His mother glared at him. “You met with someone wanted for murder. What do you think? You’re grounded, and don’t even think of asking for how long. Until you have gray hair, if I have my way!” she said.
Charles glanced at his wife, and fished his frequent flyer card out of his wallet before uttering a single word that made Joel’s blood turn to ice. “Australia.”
“No, please, don’t punish Trev and Lisa for what I –”
“JOEL, SHUT UP! Not one fucking word,” his father roared.
Charles picked up the phone, and dialed, as Joel sat in silent horror.
Charles navigated the voice menu to get to international reservations, and gave them his number. Then, he said, in a calm tone, “Earlier this evening I made reservations for Tuesday. Please transfer the reservations on my account for Joel Stiles and Lisa Whitaker from Thursday to the Tuesday reservations, unless any seats have opened up for tomorrow?”
Joel gaped, but his father kept him quiet with a glare, while listening to the agent. He finalized the booking for Tuesday and hung up to glare at Joel again. “You can speak now.”
Joel blinked, still not believing what he’d heard on the phone. “I’m grounded, so I’m going to Australia sooner?” he mumbled.
Charles scowled. “If I were you, I wouldn’t ask any damn questions. The short version is I’m more interested in getting you and Lisa the hell out of the area than punishing you by canceling your trip. I’ll have plenty of time for punishing you after you get back. Don’t give me any reason to reconsider sending you, either. In the meantime, you are grounded. I can take care of any problems with missing tests at school due to leaving early, but now there’s the issue of Lisa and her father. You know how Robert feels about Dirk, and Dirk trying to sue him sure didn’t help… how do you suppose he’ll feel about you taking Lisa to a meeting with him? She needs grounding as well.”
Joel blanched. He could well imagine Robert Whitaker canceling Lisa’s trip if he found out. “Uh, he could make her miss the trip. But if I’m grounded, Lisa would just stay home and basically ground herself. It’s really just for tomorrow, because we’d be leaving Tuesday…”
“Fine. Do you understand me: You are one hundred percent grounded until you leave for the airport – no, make that until your damn plane takes off. You will go to school tomorrow and come directly home. No phone calls, no computer, no TV, no stereo, no iPod, and no video games.”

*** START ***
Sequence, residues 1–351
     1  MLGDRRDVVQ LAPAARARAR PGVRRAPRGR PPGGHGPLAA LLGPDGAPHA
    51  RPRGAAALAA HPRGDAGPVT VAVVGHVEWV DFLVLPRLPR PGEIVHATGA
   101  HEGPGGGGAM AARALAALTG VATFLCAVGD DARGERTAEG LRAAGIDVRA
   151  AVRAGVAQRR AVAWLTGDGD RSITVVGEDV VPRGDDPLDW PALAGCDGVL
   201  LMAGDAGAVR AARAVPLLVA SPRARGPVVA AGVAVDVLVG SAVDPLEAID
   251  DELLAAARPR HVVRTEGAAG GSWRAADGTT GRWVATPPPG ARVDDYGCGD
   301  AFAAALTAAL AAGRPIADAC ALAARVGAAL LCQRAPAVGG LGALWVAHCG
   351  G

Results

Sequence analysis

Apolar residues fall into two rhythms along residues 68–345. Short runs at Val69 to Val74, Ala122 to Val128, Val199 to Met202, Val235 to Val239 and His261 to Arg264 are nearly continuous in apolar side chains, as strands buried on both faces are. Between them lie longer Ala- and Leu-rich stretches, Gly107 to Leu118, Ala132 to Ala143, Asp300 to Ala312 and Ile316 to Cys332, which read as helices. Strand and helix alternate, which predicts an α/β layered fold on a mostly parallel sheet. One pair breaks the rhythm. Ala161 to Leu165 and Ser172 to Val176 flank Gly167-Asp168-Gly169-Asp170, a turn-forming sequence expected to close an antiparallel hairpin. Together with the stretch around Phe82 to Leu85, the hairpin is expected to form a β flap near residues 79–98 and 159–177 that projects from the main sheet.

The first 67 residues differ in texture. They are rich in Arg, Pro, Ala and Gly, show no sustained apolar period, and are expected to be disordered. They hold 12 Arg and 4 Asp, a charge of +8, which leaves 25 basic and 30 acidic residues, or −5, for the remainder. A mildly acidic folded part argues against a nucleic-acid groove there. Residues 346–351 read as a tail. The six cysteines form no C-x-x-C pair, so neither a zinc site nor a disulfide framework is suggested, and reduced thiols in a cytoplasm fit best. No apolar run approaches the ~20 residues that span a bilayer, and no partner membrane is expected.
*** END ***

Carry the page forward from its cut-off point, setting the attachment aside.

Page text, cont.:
Joel nodded, and then chewed on his lip. “What about letting Mr. Whitaker know we’ll be leaving early?”
Charles, aware that Robert usually went to bed early, glanced at the clock. “It’s kind of late tonight… Tell Lisa at school tomorrow, and have her talk to him. You will come directly home from school, attend to your packing, and stay put until you pick Lisa up Tuesday. You will stop nowhere on the way to her house, and nowhere until you get to the airport. Also, you will keep your mouth shut at school tomorrow – Lisa excepted. Is that crystal clear?”
His mother stood up and pointed at the stairs. “Now go to your room!”
Joel slinked up the stairs, and as soon as Charles heard his door close, he whispered, “I don’t like this one bit. By rights we should tell Robert, but I bet he’d cancel the trip, because I can’t tell him what Officer Gonzalez told me. Lisa and Joel need to be away from here. I’m still wary about the police though, because of what Gonzalez didn’t ask: he never even suggested having Joel call that PI and ask for another meeting, which I’d think would be a good way to trap Dirk. Maybe they have him under surveillance already, but something just doesn’t feel right.”
“That bothers me too,” Vikki said, taking her husband’s hand. “Dirk has been a guest in this house many times, and we liked him before all this happened. Joel knows him far better than we do; maybe that’s why he doubts his guilt. Joel is stubborn enough to keep digging if he thinks he’s right, so… do you want to come home early to make sure he stays put after school, or should I?”
“I can do it tomorrow,” Charles said, and then added, “There’s a lot of yard work to do, so I’ll keep Joel very, very busy. I’ll make sure to pick stuff he hates.”